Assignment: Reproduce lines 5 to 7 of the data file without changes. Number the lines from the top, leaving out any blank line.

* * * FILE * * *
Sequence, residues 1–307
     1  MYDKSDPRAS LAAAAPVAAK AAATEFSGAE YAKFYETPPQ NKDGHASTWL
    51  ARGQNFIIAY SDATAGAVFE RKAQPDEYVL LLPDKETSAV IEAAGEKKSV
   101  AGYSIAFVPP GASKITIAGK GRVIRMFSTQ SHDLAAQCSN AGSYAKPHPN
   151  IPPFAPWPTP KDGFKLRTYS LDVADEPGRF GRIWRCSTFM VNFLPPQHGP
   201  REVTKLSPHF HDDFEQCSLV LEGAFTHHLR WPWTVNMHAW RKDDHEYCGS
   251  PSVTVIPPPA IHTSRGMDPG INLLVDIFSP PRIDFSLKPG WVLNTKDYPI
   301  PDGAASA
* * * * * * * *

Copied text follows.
   151  IPPFAPWPTP KDGFKLRTYS LDVADEPGRF GRIWRCSTFM VNFLPPQHGP
   201  REVTKLSPHF HDDFEQCSLV LEGAFTHHLR WPWTVNMHAW RKDDHEYCGS
   251  PSVTVIPPPA IHTSRGMDPG INLLVDIFSP PRIDFSLKPG WVLNTKDYPI